The multi-frequency capability provided by the clock synthesis technology described herein can significantly simplify timing subsystem implementation while improving overall performance and reliability. The advantage is made clear by the exemplary DWDM transponder shown in
Further the receive path scaling PLL 1505 includes only a signal VCXO 1509. The output of the phase detector/loop filter 1511 drives the voltage control input 1513 (an exemplary embodiment of which is described in more detail with reference to
Referring again to
Accordingly, the ability to provide an effective pull range that is greater than the actual pull range of a controllable oscillator circuit enhances the ability to correct for temperature, aging or other factors that affect the output frequency of the DCO over time. As referred to herein, an “effective pull range” is a range of frequencies for which the frequency of the output of VCXO 1602 may be pulled to a target frequency. In at least one embodiment VCXO 1602, the effective pull range of VCXO 1602 is increased from the actual pull range of VCXO 1602 by including adjustment capabilities for increasing or decreasing the control value being supplied to the DCO from a source other than the VC terminal.
As described above, the control value M supplied to the DCO 1601 is a digital word used to adjust the value of a feedback divider. The value of M may be determined based on an arithmetic combination of several different sources. One source for the digital control value M supplied to the DCO is from the reference frequency value (RFREQ) stored in the non volatile memory (NVM) 1616. In at least one embodiment of VCXO 1602, the value stored in NVM 1616 is loaded into register 1613 and the contents of the register 1613 are supplied to arithmetic circuit 1615 (e.g., an adder, multiplier, or other suitable circuit), which combines the RFREQ value with the control voltage VCADC to generate the value M. In at least one embodiment of VCXO 1602, RFREQ register 1613 can be written via serial port 1618. The serial port may be the same serial port described above. In addition, the value generated by ADC 1611 is supplied to VCADC register 1617, which can be read by the serial port. Register 1617 may be internal to the ADC 1611 and not a separate register. Note that there is no need that the port be serial, but a serial port may be preferred because the environment is typically pin constrained having relatively slow communication requirements warranting use of a serial communication path.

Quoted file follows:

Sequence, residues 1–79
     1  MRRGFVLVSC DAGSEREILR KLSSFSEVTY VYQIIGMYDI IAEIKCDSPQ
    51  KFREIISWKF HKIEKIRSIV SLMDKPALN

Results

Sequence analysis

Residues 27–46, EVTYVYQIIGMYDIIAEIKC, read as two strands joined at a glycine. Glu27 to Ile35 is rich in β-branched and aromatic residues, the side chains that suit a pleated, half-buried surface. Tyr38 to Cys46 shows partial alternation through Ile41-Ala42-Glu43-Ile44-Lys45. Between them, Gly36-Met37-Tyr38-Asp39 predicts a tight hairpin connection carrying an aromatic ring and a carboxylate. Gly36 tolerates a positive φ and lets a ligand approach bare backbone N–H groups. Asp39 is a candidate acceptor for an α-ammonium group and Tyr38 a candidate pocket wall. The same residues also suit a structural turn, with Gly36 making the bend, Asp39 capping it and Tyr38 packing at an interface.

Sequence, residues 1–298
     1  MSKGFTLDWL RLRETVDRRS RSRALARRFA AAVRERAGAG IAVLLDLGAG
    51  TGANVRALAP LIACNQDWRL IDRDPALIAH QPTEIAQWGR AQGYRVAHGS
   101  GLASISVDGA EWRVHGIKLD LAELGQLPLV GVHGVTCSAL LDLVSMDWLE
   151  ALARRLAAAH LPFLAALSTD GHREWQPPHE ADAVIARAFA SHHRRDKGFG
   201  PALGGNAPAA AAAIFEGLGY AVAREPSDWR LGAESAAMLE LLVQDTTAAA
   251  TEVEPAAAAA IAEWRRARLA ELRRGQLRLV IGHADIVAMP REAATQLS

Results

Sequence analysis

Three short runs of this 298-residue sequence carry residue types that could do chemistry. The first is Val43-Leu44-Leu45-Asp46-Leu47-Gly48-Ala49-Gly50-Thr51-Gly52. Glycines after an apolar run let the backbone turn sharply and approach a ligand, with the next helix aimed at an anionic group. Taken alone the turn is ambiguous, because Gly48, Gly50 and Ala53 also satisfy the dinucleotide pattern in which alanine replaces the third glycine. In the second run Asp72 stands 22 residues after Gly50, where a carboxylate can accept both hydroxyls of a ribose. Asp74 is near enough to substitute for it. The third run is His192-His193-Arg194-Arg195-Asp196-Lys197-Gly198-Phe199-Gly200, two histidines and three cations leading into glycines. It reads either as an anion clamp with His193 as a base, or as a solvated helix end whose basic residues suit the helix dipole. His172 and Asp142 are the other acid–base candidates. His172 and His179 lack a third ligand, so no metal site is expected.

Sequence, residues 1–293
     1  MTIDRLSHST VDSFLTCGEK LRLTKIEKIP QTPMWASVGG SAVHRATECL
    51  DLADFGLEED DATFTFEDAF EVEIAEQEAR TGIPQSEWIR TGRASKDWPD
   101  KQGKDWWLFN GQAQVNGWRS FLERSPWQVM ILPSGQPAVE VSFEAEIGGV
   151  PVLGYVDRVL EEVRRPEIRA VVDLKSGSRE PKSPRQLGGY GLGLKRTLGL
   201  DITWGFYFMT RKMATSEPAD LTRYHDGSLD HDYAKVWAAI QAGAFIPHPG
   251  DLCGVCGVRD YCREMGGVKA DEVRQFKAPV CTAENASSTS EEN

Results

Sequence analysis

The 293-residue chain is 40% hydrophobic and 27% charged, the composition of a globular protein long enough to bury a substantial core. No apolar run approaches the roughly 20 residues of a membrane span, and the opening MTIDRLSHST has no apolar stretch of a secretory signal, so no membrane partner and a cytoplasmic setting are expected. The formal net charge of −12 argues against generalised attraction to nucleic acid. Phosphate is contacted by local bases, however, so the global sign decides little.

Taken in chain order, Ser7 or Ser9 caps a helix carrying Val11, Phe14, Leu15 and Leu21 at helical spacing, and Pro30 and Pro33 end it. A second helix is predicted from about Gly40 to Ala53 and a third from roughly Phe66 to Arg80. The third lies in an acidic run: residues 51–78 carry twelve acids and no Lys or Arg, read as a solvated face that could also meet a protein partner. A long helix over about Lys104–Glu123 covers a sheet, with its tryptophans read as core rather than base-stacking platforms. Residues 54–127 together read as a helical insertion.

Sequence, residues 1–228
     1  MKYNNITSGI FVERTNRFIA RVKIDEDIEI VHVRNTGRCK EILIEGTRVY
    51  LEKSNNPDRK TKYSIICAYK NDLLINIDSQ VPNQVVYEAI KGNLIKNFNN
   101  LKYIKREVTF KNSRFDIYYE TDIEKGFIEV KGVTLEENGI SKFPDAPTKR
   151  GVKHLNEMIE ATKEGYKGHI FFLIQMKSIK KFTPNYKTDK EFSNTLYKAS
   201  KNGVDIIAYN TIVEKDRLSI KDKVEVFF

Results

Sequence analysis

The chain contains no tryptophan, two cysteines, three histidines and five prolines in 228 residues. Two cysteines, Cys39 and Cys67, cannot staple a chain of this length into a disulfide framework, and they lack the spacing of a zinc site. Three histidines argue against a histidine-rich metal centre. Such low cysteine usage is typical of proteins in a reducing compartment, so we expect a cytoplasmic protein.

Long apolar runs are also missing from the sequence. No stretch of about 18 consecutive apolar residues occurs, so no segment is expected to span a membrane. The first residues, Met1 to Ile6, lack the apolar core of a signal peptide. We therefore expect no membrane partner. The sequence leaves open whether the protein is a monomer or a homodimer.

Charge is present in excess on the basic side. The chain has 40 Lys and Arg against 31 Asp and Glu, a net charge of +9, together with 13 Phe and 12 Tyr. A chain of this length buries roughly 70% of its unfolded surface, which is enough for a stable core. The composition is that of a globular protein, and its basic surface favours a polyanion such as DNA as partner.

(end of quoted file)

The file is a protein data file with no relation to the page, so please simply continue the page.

In at least one embodiment of VCXO 1602, by reading the VCADC register via serial port 1618, processor 1621 can determine whether the value of VC is close to the limit of the actual pull range of the voltage control input by comparing the VCADC value to a threshold. If the VCADC value is approaching the limit of the actual pull range, processor 1621 can adjust the reference frequency control value by writing RFREQ register 1613 (or pull register 1625) with a new value, which allows ideally for the VC voltage to return to a midscale value, thereby dynamically recentering the output frequency of VCXO 1602 within the actual pull range without modifying the voltage gain (Kv) of ADC 1611, thereby maintaining a low tuning slope and the particular noise performance of the voltage control port to output.
For example, assume that aging and/or temperature effects have reduced the output frequency of VCXO 1602. Assume that the value of M (i.e., the digital control value supplied to the DCO 1601) is at a value that causes the loop, of which the VCXO 1509 is a part (see
Note that while in at least one embodiment of VCXO 1602 the RFREQ register can be written to change the reference frequency, in other embodiments, pull register 1625 is provided that can be used to provide the same function (e.g., by writing a value that is used to increase or decrease the value of the RFREQ register). Thus, if the frequency output of the DCO is approaching the limit of the pull range, pull register 1625 can be written (higher or lower) to adjust the DCO output frequency without relying on control voltage VC to accomplish the adjustment. If a pull register is present, but no adjustment to the value of the RFREQ register is necessary, the pull register contains a value that will not affect the reference frequency. As described herein, any reference to writing a pull register to adjust the pull range associated with the reference frequency control value also applies to writing an RFREQ register and vice versa.